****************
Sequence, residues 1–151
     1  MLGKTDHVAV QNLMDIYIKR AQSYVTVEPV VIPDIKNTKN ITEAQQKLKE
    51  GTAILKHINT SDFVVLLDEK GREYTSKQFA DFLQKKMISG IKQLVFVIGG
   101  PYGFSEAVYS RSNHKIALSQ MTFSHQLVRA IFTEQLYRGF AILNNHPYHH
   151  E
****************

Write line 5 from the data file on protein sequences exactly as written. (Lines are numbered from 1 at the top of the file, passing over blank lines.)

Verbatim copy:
   151  E